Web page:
West Coast University Scientists Receive $ 7.65 Million Grant To Study Impact Of Smoke On Grapes And Wine

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SACRAMENTO, December 3, 2021 – A team of West Coast university researchers has received a $ 7.65 million grant to study the impact of smoke on grapes and wine. The research project is expected to produce new knowledge, strategies and tools to help winegrowers and winegrowers prevent or better manage grape and wine quality damage that can occur when forest fires occur.

The four-year project is funded by the Specialty Crops Research Initiative of the U.S. National Institute of Food and Agriculture. The project brings together ongoing research programs within the state into a strong and coordinated effort. Dr Elizabeth Tomasino of Oregon State University, who serves as project director, is joined by Drs. Tom Collins of Washington State University and Anita Oberholster of the University of California at Davis. The goals for the project were developed after the research team gathered industry feedback during grant planning sessions held in California, Oregon and Washington.

Exposing grapes to smoke from forest fires can compromise the quality and value of wine grapes. The wildfires have been particularly devastating for the West Coast, where California, Oregon and Washington are three of the nation’s top four producing states. Since 2019, winemakers and wineries from these three states have worked together under the banner of the West Coast Smoke Exposure Task Force to coordinate research on the impact of smoke and education of industry.

An economic analysis of the 2020 wildfires conducted by the Wine Institute estimated the losses at $ 3.7 billion, a figure that will be felt in 2021 as many wineries have decided not to produce wine from it. grapes 2020.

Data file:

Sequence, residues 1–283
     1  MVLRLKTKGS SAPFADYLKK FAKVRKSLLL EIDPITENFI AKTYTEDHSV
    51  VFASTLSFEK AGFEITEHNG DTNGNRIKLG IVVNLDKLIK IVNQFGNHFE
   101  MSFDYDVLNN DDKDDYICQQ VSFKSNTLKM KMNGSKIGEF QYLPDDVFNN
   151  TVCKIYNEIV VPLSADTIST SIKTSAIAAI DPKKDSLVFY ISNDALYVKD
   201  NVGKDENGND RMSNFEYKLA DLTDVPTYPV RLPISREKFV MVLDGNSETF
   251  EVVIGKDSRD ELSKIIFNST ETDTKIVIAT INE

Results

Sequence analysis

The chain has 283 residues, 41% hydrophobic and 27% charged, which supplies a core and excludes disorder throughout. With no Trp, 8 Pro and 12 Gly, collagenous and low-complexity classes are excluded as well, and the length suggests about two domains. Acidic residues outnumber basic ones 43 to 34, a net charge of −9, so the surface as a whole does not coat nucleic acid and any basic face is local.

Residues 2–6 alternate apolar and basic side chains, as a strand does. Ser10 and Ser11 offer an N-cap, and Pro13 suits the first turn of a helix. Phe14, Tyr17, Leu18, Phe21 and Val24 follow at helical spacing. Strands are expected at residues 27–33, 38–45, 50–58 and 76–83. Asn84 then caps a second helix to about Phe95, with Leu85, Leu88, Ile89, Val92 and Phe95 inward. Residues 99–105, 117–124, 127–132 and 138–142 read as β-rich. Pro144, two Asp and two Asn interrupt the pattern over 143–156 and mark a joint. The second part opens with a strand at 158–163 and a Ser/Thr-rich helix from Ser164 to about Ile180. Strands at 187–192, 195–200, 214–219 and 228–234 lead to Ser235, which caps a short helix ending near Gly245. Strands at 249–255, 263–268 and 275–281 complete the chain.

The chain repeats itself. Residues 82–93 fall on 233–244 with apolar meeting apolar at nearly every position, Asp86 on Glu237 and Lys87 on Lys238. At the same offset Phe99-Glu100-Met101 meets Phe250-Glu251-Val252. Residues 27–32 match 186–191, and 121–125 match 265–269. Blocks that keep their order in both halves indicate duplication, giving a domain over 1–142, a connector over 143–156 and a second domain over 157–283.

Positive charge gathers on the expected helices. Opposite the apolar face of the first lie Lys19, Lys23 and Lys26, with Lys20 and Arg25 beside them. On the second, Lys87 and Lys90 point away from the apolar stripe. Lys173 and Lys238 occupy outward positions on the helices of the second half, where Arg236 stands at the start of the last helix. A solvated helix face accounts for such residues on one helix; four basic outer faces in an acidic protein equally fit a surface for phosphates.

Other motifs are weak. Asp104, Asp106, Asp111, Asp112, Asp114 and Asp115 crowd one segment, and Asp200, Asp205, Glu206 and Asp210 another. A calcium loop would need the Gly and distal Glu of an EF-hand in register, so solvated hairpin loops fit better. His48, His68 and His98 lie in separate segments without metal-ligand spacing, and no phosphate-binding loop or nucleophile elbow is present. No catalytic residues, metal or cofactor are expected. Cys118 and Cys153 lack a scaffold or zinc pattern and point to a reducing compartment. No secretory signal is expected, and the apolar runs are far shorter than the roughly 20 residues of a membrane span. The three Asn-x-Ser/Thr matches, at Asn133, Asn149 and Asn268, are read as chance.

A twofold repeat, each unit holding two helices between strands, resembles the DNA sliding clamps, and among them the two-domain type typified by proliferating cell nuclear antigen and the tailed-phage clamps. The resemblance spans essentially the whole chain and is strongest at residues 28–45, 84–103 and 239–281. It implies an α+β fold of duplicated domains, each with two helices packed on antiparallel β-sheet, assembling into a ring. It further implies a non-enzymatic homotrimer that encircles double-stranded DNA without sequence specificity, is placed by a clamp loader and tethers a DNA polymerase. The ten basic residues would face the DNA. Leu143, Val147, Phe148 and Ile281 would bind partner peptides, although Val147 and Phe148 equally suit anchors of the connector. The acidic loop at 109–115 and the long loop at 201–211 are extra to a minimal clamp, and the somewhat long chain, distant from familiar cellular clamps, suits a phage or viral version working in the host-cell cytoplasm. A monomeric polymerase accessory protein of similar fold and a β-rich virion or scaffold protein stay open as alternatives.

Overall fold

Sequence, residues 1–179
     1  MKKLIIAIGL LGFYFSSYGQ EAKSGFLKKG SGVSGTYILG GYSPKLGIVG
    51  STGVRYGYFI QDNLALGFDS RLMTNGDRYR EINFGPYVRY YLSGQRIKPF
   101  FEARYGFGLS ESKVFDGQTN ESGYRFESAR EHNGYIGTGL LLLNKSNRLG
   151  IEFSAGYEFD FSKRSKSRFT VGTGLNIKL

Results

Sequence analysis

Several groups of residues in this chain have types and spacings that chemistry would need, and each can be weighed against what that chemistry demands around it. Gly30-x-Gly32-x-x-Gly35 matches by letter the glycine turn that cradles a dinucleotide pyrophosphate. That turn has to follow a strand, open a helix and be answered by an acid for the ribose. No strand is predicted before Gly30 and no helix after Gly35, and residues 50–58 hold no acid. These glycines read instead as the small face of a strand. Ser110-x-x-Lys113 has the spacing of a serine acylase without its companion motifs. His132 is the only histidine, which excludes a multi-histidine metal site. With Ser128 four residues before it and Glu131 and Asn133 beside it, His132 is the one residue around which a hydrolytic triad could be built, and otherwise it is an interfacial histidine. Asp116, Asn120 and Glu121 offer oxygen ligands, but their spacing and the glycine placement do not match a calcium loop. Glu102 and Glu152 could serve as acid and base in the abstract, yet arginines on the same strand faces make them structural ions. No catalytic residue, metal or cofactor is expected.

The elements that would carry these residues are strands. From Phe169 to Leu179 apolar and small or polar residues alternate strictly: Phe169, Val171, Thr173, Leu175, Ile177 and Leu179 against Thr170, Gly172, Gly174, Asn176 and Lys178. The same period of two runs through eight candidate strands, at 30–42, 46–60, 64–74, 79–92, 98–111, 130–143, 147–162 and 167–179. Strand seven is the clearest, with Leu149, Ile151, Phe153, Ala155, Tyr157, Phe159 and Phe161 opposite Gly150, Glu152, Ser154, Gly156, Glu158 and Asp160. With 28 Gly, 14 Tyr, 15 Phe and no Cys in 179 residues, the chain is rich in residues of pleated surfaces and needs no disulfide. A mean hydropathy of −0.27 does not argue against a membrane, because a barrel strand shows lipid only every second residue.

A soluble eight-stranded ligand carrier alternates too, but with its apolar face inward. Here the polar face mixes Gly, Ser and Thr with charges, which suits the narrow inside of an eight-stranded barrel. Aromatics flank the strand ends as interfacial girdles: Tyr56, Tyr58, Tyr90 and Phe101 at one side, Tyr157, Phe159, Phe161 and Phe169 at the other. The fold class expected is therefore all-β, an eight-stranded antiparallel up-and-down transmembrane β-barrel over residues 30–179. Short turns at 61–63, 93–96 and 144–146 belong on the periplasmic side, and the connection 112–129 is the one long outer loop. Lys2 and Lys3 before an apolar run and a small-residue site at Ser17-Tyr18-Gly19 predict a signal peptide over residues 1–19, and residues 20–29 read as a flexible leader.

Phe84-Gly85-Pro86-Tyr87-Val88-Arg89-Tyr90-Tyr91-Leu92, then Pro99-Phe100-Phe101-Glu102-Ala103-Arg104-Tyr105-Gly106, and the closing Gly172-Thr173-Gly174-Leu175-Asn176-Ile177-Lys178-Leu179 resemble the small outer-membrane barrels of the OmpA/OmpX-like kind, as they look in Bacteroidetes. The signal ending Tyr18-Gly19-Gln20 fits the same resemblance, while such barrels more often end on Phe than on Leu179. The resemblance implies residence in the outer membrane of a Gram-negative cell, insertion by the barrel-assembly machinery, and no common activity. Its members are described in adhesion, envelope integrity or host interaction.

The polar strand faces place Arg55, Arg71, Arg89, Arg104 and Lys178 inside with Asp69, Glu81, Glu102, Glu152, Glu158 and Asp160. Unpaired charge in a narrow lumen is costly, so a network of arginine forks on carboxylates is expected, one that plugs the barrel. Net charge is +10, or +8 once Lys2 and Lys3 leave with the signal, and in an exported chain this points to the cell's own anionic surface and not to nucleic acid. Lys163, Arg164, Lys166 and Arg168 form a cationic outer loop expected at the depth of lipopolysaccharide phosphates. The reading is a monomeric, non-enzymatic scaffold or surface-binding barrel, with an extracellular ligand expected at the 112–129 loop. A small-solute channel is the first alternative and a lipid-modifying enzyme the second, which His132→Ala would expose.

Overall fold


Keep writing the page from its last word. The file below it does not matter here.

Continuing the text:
“This research is part of a larger story of how the West Coast wine community is working together to address the profound challenges associated with wildfires and smoke events,” said the president of the California Association of Winegrape. Growers, John Aguirre. “I am encouraged by the pace and quality of current and planned research projects. “

West Coast winegrowers and winemakers want to better understand how the density and composition of smoke affects grapes, vines, wine composition, and the sensory perception of wine in a glass. The research team calls this a “smoke-to-glass” understanding. With the grant, the research team will focus on:

  • New technologies and sensor networks for real-time assessment of smoke risks in the vineyard.
  • Exposure to smoke has an impact on the quality and health of grapes and vines.
  • Grape barriers / coatings to reduce or eliminate the absorption of smoke components in grapes.
  • Rapid tests to predict the taste of a wine exposed to smoke when it is turned into wine.
  • Sensory quality thresholds for smoke compounds in wine.
  • Predictive modeling of the risk of smoke for the quality of grapes and wine from environmental, chemical and sensory data.
  • Awareness and communication program to share results with industry.

Planned work under the new grant builds on previous research by the same team made possible with funding from the Washington State Wine Commission, American Vineyard Foundation, Oregon Wine Board, Northwest Center for Small Fruits Research and the USDA Agricultural Research Service.

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